Review By Bears Fonte
Have we reached the time where GROUNDHOG DAY is so ubiquitous that it can be remade and reset in new locales like a Shakespeare play? Whenever a director puts their own unique spin on Hamlet or Romeo and Juliet it can reveal as much about the setting as the text. But Harold Ramis’ film is one of the most cherished of the last 25 years. Ry Russo-Young’s BEFORE I FALL resets the classic comedy into a clique of mean girls at a high school and substitutes sentimentality for satire.
Samantha Kingston is part of the cool circle that rules the school. Tonight she plans to lose her virginity to her hot boyfriend. But when the girl Sam and her friends mock shows up at the kegger, the night takes a turn for the worse. The girls publicly shame the outsider, throwing their beers at her. Sam’s boyfriend is drunk and hitting on other girls. Then, on the way home, they get in a car accident. Unfortunately, the next day Sam wakes up and has to do it all again. She finds herself in a GROUNDHOG DAY loop until she can save herself.
I’m writing this review as if the film is a straight adaptation but as far as I can tell, it is not acknowledging that. I did not see a credit for Ramis and yet, note for note, BEFORE I FALL is GROUNDHOG DAY. Our lead character is not so nice and is forced to repeat the day over and over until she learns her lesson. The repeated day is a holiday (in this case Cupid Day, some sort of bizarre Valentine’s Day replacement for no reason – I was left wondering if Valentine’s Day has been trademarked like tv people doing Internet searches on spyderfinder). Every morning she wakes up to the same song. She has sequences where she acts out because she can, she has sequences where she almost gets it right but still has to reset. It’s as if they think the audience has never seen Bill Murray buy insurance from Ned Ryerson.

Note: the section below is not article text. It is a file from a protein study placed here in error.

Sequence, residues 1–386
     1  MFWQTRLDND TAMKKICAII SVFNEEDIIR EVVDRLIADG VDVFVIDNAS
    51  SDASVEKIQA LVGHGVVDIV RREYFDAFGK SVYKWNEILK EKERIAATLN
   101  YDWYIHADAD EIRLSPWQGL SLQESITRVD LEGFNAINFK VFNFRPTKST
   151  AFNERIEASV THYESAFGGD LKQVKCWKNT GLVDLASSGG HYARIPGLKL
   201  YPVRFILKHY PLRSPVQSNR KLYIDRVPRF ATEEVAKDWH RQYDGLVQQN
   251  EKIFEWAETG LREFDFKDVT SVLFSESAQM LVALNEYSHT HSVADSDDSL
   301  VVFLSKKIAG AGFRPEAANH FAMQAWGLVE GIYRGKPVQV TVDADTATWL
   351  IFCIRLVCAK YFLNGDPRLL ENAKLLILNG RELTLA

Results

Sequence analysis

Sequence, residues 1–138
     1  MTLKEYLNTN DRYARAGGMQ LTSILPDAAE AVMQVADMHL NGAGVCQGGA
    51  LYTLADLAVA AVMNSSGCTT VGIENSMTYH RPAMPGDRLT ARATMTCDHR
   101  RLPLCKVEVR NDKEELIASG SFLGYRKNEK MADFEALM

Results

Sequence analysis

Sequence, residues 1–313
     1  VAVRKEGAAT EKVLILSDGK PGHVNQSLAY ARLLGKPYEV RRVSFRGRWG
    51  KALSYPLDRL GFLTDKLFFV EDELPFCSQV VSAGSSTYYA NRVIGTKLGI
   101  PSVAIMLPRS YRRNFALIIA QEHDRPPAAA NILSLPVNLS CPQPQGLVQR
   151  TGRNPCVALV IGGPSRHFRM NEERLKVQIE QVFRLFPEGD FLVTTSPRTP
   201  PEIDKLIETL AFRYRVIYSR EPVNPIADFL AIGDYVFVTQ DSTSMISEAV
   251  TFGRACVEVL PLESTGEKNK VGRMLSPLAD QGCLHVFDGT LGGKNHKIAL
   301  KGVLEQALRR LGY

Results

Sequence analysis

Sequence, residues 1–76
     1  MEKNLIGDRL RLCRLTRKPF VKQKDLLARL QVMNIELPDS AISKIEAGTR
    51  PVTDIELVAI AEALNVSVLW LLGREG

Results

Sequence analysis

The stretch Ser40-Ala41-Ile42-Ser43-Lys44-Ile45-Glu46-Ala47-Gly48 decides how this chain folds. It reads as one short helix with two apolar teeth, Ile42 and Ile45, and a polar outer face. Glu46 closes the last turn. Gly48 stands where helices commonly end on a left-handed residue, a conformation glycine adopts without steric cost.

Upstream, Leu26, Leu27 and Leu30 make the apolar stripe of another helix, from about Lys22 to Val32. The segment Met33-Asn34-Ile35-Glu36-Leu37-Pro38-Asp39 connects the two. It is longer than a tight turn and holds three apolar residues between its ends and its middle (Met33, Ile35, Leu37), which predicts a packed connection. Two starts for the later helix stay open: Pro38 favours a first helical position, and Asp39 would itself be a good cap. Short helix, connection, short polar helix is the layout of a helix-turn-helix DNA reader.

Actually, if you get past the blatant plagiarism, the film works quite well. By replacing the comedy with heartfelt character realizations, BEFORE I FALL feels a bit like a FreeForm version of the original, but I can’t say it didn’t nail what it was trying to do. I spent most of the second half of the film crying (although I am also severely sleep deprived by now). The mean girl clique are all suitably awful and the one major shift the film makes from the original serves the plot nicely. Sam is not the queen bee of her hive and therefore somewhat powerless to change everything that went wrong that day. It even gives her the double realization where she can first accuse her friend of being the reason she has to repeat the day (only to understand later that she has been just as awful if not as overt). I also have to applaud the film for having perfect structure, nailing it’s pace and tension, enjoying its fun and games, diving down to an all is lost moment, I can’t help it, I am a Blake Snyder acolyte.
Unfortunately, the strengths of the adaptation are not enough to redeem the film which limps off to an overwrought start with hallmark greeting voice over and surfacey characters. In a film about consequences, Sam never seems to suffer much (restarting every day solves that but inside the day there could be more, such as when she publicly seduces her English teacher). But I think it comes down to the simple reality that though we can all acknowledge there are no new ideas anymore, it is hard to perfect a film like GROUNDHOG DAY and Russo-Young does not do enough to distinguish BEFORE I FALL from its (unacknowledged) source material.
BEFORE I FALL world premiered at Sundance 2017.